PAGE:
Abdominal aortic aneurysm (AAA):
AAA is a ballooning or widening of the main artery (the aorta) as it courses down through the abdomen. At the point of the aneurysm it usually measures 3 cm or more in diameter. The aneurysm weakens the wall of the aorta and can end in the aorta rupturing with catastrophic consequences. As the diameter of the aorta increases, the chances of an AAA rupturing rise.
Osteoporosis thins and weakens bones, putting you at risk for broken bones. Normally, old bone breaks down and is replaced with new bone.Osteoporosis creates an imbalance in this rebuilding cycle when bone breaks down but no new bone forms. This process speeds up after menopause.
Peripheral Artery Disease (PAD):
PAD is a condition that develops when the arteries that supply blood to the internal organs, arms, and legs become completely or partially blocked as a result of atherosclerosis. Atherosclerosis is a gradual process whereby hard cholesterol substances (plaques) are deposited in the walls of the arteries.
Carotid Artery Disease:
Like the arteries that supply blood to the heart (the coronary arteries), the carotid arteries can also develop atherosclerosis, the build-up of fat and cholesterol deposits, called plaque, on the inside of the vessels. Over time, the plaque narrows the artery, decreases blood flow to the brain and can lead to a stroke.
Atrial fibrillation (AF):
AF is the most common, abnormal rhythm of the heart.The heart contracts (beats) and pumps blood with a regular rhythm. The heart may beat faster or slower with a shorter or longer interval between beats, but at any one rate the interval between beats is constant. This regular rhythm occurs as a result of regular electrical discharges (currents) that travel through the heart and cause the muscle of the heart to contract.In AF, the electrical discharges are irregular and rapid and, as a result, the heart beats irregularly and, usually, rapidly. AF is common; half a million new cases are diagnosed yearly in the U.S., and billions of dollars are spent annually on its diagnosis and treatment.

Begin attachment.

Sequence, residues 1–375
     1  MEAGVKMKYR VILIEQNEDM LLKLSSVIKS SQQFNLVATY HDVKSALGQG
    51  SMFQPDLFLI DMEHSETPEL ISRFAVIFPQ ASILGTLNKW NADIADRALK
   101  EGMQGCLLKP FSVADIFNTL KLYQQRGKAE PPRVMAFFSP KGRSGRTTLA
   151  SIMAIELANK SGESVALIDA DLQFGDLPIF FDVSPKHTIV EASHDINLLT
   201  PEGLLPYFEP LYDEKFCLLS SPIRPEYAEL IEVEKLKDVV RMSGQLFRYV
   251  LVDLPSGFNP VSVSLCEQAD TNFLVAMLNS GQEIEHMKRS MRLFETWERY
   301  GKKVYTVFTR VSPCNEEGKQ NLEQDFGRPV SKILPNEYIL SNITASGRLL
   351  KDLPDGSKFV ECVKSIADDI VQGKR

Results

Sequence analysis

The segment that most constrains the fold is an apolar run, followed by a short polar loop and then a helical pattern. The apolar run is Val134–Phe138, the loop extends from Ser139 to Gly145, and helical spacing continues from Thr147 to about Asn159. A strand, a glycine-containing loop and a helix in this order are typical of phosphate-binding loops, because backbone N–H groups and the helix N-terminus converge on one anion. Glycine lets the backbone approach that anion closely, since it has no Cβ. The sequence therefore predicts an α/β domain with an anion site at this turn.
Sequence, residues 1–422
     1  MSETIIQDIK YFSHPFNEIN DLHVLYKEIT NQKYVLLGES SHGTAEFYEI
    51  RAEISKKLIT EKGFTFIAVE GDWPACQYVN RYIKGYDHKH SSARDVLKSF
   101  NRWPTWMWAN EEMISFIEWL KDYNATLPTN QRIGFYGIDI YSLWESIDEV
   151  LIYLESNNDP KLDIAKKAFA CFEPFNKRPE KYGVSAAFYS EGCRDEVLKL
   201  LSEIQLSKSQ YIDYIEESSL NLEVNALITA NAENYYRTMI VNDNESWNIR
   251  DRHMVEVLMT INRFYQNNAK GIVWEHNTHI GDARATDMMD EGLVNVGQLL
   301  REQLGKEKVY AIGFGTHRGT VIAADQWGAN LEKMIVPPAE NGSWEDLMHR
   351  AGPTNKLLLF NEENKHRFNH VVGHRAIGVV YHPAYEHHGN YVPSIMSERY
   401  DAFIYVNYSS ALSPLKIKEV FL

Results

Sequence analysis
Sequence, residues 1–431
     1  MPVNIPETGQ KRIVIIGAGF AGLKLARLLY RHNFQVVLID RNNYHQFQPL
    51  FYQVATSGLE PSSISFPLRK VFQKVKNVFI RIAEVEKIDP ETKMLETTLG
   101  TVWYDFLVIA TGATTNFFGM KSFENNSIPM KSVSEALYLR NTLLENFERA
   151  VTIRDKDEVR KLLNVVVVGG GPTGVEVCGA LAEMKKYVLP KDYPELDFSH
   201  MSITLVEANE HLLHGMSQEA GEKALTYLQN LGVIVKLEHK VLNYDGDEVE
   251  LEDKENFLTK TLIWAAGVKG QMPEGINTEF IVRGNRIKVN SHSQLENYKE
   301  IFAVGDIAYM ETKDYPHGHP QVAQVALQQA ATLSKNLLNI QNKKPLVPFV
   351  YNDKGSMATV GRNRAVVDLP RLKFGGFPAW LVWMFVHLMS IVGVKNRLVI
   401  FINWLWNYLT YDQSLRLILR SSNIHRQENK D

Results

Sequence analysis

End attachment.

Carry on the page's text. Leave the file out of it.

Hypertension (Elevated blood pressure):
The top number of a blood pressure reading, the systolic blood pressure, corresponds to the pressure in the arteries as the heart contracts and pumps blood forward into the arteries. The bottom number of a blood pressure reading, the diastolic pressure, represents the pressure in the arteries as the heart relaxes after the contraction. A normal blood pressure is below 120/80; blood pressure between 120/80 and 139/89 is called “pre-hypertension”, and a blood pressure of 140/90 or above is considered high. An elevation of the systolic and/or diastolic blood pressure increases the risk of developing heart (cardiac) disease, kidney (renal) disease, hardening of the arteries (atherosclerosis or arteriosclerosis), eye damage, and stroke (brain damage). For that reason, the diagnosis of high blood pressure is important so efforts can be made to normalize blood pressure and prevent complications. Cardiomyopathy is a weakening of the heart muscle or a change in heart muscle structure. It is often associated with inadequate heart pumping or other heart function problems.
Cardiomyopathy is a weakening of the heart muscle or a change in heart muscle structure. It is often associated with inadequate heart pumping or other heart function problems. While all types of cardiomyopathy can cause heart failure, each case requires specific strategies for recovery. Treatment involves a combination of patient education, dietary changes, and medications.
Left Ventricular Hypertrophy:
Left ventricular hypertrophy is enlargement (hypertrophy) of the muscle tissue that makes up the wall of your heart’s main pumping chamber (left ventricle). Left ventricular hypertrophy develops in response to some factor, such as high blood pressure, that requires the left ventricle to work harder. As the workload increases, the walls of the chamber grow thicker, lose elasticity and eventually may fail to pump with as much force as a healthy heart. If you have left ventricular hypertrophy, you’re at increased risk of heart disease, including heart attack, heart failure, irregular heartbeats (arrhythmia) and sudden cardiac arrest.